As the Great Barrier Reef appears to have largely avoided another mass bleaching event in 2021, one of the scientists who runs the Australian Museum’s Lizard Island Research Station has spoken of the contrasting feelings of hope and anxiety she experiences every summer as the temperature rises.
Dr Anne Hoggett AM has been joint director of the research station since 1990, living and working on Lizard Island to facilitate vital reef research projects by scientists from all over the world.
She said she splits her time on the island into two – before 2014 and after – due to a series of devastating weather events and conditions across the last seven years that have fundamentally changed the coral there. But, she emphasised, a few relatively quieter years have brought her hope with some areas around the island currently showing a good regrowth of corals.
“We experienced two very bad category 4 cyclones just 11 months apart in 2014 and 2015. Around the outside of the island group, almost all the corals were smashed back to bare rock,” said Anne.
“After those devastating events, I thought, ‘at least we still have the corals in the lagoon’. But then the massive bleaching event happened in 2016. Sadly, it was a comprehensive event for Lizard Island and by March/April of that year, we had lost much of what was remaining. In 2017, the next mass bleaching event hit the Great Barrier Reef. That wasn’t quite as noticeable here simply because there was nothing really left to be killed.
“It took a long time for things to start to recover. Some tiny corals survived the cyclones and bleaching. Initially, there wasn’t much to be seen, but then those little surviving corals began to grow, and the recruitment began to increase again. By late 2019, it looked like recovery was well underway in some places, but not all.
“Thankfully we suffered only minor bleaching in the 2020 event, but when we started seeing the bleaching again this year – for the fourth time in six years – it was terrifying. You learn to live with it and be pragmatic about it but it’s incredibly sad to see corals bleaching and dying.”
Anne said she was fairly confident the island would escape a bad bleaching event again this year. As in 2020, that’s because cyclones in the area reduced the water temperature below a critical level and increased shading through cloud cover. But she said they now always worry in summer about what could happen.
“You’re at the mercy of the weather. In the summer, the corals are always so close to their temperature limits, it doesn’t take much anymore to push them to bleach,” she said.
“Before 2014, the Reef seemed to be coping quite well, despite recurring Crown-of-Thorns starfish outbreaks. After, with all those events happening in quick succession, it’s clear that the system is struggling with too many stresses happening too close together.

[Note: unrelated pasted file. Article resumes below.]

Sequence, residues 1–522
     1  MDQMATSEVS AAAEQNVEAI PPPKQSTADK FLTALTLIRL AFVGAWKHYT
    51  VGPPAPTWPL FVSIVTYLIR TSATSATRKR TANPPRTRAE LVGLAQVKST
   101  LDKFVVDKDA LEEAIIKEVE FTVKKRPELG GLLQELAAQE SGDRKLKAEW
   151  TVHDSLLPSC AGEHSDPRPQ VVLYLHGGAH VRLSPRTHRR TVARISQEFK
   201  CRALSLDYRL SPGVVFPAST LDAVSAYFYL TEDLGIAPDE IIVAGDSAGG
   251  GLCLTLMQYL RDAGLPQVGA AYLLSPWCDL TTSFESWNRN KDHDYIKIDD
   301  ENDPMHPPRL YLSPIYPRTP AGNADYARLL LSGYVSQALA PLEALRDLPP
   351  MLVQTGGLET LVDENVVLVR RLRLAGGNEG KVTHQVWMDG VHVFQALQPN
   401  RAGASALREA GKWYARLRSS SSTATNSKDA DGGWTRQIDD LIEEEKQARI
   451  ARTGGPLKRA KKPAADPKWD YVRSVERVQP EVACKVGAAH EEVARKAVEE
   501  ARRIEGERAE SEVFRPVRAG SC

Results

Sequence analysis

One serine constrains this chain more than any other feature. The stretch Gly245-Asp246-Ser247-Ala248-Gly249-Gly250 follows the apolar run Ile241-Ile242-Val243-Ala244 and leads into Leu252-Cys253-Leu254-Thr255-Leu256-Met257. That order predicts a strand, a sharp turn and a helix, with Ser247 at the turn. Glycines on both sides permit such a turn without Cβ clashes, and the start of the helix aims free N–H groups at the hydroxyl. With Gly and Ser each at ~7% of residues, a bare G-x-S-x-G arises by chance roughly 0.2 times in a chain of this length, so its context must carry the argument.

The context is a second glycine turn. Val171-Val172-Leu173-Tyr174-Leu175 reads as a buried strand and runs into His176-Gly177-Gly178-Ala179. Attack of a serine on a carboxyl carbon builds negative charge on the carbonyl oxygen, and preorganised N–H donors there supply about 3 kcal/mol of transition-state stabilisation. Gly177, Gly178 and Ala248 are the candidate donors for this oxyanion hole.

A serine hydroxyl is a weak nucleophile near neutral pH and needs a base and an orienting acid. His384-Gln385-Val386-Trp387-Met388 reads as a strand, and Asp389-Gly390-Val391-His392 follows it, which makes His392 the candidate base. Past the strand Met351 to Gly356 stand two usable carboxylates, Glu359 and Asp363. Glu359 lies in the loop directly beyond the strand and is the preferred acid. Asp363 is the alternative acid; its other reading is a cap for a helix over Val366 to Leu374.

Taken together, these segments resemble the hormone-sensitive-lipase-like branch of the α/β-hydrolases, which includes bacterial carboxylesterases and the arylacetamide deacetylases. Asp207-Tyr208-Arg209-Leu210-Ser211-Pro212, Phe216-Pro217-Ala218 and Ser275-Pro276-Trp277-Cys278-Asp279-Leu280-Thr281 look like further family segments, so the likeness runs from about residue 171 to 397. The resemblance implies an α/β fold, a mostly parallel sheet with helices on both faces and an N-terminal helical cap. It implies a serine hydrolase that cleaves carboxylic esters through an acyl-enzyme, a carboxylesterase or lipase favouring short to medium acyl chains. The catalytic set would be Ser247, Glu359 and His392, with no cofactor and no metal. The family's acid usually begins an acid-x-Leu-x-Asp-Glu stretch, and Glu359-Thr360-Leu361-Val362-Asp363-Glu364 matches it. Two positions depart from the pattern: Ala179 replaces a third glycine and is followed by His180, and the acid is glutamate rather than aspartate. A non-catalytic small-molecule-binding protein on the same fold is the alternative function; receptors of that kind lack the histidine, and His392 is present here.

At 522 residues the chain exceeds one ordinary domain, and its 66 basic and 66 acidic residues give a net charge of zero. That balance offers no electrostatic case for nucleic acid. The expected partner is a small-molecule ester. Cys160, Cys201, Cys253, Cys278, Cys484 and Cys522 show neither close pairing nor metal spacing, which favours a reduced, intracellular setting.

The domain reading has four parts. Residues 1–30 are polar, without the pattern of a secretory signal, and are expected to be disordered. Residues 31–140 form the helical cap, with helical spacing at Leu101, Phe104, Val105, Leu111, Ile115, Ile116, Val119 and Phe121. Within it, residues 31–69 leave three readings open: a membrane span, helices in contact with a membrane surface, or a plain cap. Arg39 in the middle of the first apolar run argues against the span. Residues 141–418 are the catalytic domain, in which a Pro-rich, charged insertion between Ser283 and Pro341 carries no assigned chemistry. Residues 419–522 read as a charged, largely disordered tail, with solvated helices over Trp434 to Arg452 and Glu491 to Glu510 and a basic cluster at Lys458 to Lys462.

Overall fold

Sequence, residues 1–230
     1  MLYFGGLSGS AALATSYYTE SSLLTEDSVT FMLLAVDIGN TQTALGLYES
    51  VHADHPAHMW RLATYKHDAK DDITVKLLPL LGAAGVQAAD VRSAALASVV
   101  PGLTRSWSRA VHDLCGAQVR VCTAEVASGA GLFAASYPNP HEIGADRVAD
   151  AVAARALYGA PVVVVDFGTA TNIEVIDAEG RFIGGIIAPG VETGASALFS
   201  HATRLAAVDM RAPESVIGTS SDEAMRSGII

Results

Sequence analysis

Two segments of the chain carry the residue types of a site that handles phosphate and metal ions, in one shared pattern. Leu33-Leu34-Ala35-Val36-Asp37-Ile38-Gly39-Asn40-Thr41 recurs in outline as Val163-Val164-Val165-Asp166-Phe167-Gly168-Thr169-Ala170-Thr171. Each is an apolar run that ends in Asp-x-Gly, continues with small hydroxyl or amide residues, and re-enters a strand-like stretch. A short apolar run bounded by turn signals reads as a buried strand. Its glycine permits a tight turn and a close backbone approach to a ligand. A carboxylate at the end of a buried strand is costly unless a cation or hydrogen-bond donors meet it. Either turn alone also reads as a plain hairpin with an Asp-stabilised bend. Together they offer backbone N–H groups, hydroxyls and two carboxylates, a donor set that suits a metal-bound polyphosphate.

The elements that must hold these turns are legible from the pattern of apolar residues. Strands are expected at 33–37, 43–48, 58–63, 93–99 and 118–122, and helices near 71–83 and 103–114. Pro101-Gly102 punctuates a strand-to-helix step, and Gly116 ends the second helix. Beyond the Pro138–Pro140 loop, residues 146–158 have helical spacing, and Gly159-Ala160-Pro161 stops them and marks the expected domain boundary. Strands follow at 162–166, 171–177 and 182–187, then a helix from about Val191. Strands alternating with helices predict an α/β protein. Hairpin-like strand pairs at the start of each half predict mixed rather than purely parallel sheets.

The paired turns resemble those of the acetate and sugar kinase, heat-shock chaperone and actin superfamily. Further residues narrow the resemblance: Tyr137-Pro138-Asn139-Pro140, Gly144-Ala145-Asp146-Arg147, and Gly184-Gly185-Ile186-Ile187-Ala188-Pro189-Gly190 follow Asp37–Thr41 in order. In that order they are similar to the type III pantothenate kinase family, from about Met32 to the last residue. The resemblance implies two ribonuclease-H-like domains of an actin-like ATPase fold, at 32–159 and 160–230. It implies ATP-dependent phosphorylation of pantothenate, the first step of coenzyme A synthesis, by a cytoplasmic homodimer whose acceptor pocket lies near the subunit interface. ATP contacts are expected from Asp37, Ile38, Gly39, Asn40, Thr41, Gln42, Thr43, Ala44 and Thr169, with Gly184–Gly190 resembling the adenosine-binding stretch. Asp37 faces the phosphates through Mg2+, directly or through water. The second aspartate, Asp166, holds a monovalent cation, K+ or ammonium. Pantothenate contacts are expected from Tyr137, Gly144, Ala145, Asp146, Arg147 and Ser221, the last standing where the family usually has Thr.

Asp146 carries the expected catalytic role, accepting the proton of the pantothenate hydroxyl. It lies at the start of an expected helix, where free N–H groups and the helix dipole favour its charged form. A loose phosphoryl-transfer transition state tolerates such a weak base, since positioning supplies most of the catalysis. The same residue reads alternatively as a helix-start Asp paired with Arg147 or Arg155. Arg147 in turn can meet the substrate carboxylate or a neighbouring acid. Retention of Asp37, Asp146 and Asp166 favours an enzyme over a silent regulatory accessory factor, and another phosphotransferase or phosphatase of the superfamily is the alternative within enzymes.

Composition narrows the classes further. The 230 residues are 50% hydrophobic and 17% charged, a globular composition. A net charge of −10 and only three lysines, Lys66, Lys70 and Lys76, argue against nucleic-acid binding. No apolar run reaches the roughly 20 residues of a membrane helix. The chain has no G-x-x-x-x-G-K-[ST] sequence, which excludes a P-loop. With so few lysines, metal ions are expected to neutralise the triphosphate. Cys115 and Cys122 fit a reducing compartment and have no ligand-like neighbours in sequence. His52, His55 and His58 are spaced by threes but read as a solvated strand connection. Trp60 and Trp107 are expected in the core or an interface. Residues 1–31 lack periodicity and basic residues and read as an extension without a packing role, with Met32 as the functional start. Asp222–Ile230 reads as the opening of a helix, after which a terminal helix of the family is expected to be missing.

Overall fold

“The recoveries I’ve seen only give me hope in the short term. I can’t see how the Reef can continue to bounce back time and time again without changing significantly.
“It’s a huge system and so corals in some places will survive. Corals have survived on Earth for millions of years and can recover from disastrous events, recolonise different areas. The difference this time is that it’s us and our actions that are leading to outcomes that can be too much for parts of the Reef.”
Anne said her sadness about the Reef often turned to anger because of government inaction on global heating – the driver of marine heatwaves and extreme weather events that have wreaked so much damage.
“We need to keep lobbying our governments to be more proactive on climate change,” she said.
“It is so frustrating. Of course there’s a lot of reef restoration work happening and research into resilience but that’s not going to save reefs. At best, it will buy us some time. All the scientists involved say the best way to ensure the future of the Reef is to properly tackle climate change by reducing our fossil fuel emissions to zero. Of course, even if we stop burning fossil fuels completely, the planet is still on a trajectory to keep warming because of the damage already done, so I see rehabilitation and restoration projects as a stop gap solution until greenhouse gas effects slow.
“Right now we’re hosting PhD students who are coming to the end of their research projects and a comment by one of them recently made me realise that many of this crop of researchers have never seen the reef at Lizard Island in a good condition.
“He said the reefs were starting to look amazing compared to three years ago when he started work here. But it’s not back to where it was and it may never get there. This could be as good as it’s going to get.
“I will keep hoping, but year after year now it’s nail biting. We are on the edge of our seats to see what will happen.”
The Australian Marine Conservation Society’s Fight For Our Reef campaign shines a light on the issues impacting the Great Barrier Reef including climate change, water quality and fisheries impacts, and advocates for the policies that will give our Reef the best chance for the future. To join the campaign, click here.